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Austin bike crashes on the decline

Bike crashes in Austin are on the decline. (CBS Austin)
Bike crashes in Austin are on the decline. (CBS Austin)
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Bike crashes in Austin are on the decline.

If you stand at the corner of Red River and 4th street, right outside the Austin Convention Center, you’re sure to see a plethora of cyclist pass by on the Lance Armstrong Bikeway.

Most cyclists we spoke with said as long as they’re riding in a protected bike lane, they feel safe.

“I think having protected bike lanes and more people around (riding), the city is just more aware,” said downtown cyclist, Nicole Renaux.

Renaux is part of the estimated 8-10 percent of urban Austinites who rely on two wheels to get around downtown.

In 2014, the city moved in a pro-cyclist direction when they started construction on new bike lanes under the Austin Bicycle Master Plan. After the plan was implemented, Austin-Travis County EMS data shows a 20 percent decline in bike crashes the very next year.

Crashes have been on the decline ever since.

This year, ATCEMS reports only 44 crashes in the first four months. In 2012, there were 587 with four fatalities.

“The city has done a great job in building safe infrastructure,” said Mercy Feris, executive director with Bike Austin, one of the city’s biggest advocacy groups for safe infrastructure for pedestrians and cyclists.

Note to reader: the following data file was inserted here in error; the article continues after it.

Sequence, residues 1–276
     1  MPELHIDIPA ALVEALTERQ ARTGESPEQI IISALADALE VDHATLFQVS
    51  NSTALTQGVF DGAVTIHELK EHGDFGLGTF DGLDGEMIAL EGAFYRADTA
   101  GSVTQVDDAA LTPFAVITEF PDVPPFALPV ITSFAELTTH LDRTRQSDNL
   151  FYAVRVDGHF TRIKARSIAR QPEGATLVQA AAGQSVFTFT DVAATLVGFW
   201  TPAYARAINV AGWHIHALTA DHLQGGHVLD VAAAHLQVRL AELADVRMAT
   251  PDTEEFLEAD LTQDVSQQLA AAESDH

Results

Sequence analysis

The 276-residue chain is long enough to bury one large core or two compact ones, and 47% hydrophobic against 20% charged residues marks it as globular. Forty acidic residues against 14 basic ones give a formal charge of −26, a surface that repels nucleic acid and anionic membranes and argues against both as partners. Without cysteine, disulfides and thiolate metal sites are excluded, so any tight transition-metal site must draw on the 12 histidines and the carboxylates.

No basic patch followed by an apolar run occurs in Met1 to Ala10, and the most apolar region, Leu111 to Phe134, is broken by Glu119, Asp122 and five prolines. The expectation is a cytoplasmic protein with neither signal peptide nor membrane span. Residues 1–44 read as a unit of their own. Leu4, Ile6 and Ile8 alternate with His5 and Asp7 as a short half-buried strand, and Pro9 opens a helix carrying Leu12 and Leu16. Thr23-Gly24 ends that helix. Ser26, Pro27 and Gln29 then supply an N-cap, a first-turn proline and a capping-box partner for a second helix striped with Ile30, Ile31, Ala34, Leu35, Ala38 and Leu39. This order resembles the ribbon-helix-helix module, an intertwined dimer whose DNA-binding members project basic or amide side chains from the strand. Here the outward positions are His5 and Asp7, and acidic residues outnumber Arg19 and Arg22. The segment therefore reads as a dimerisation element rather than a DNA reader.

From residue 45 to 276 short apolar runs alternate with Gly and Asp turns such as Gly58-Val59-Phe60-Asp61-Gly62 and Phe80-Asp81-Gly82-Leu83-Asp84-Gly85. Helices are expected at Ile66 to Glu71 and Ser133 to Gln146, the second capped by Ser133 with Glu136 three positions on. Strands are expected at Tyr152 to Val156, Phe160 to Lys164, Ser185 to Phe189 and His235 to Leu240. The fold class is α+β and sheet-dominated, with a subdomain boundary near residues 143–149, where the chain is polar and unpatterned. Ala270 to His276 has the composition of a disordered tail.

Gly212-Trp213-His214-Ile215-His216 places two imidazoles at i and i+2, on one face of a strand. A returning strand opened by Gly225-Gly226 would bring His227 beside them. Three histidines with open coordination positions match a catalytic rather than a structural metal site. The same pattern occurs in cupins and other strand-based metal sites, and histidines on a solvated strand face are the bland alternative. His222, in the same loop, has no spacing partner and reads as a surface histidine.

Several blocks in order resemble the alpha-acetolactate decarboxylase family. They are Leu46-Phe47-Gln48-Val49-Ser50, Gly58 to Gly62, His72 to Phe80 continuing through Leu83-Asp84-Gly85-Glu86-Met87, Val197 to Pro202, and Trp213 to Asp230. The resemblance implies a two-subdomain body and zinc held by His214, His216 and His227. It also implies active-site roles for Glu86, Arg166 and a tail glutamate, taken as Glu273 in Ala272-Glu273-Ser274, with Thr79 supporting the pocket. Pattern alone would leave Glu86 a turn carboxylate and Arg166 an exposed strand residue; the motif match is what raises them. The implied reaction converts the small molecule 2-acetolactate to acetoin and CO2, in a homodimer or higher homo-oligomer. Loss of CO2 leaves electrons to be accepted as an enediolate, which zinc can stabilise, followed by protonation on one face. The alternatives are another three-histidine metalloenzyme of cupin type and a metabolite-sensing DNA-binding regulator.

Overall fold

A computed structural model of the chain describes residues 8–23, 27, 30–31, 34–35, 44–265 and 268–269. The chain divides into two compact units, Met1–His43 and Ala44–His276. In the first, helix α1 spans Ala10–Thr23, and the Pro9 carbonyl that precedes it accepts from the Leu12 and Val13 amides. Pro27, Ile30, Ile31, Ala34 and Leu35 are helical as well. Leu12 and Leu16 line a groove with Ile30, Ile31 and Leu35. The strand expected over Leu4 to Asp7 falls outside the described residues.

Feris attributes the decline in crashes to main things; the addition of more bike lanes throughout the city and an increase in cyclist.

“If you have more people riding their bike, motorist are more aware,” said Feris.

Even though the city has improved mobility for cyclist and alleviated congestion for motorist, Feris encourages the city to continue to downward trend of bike crashes by adding more protected bike lanes in areas that need them. Areas that run north and south, like Burnet, Lamar, and Manor road. Also east and west, like Rundberg in North Austin, 11th street and 12th street.

Feris said safety for all commuters; comes when all are aware of one another surroundings.

“I stay away from cars as much as possible, because you never win with a car,” said cyclist Richard Zelade as he passed Red River headed east on 4th Street.

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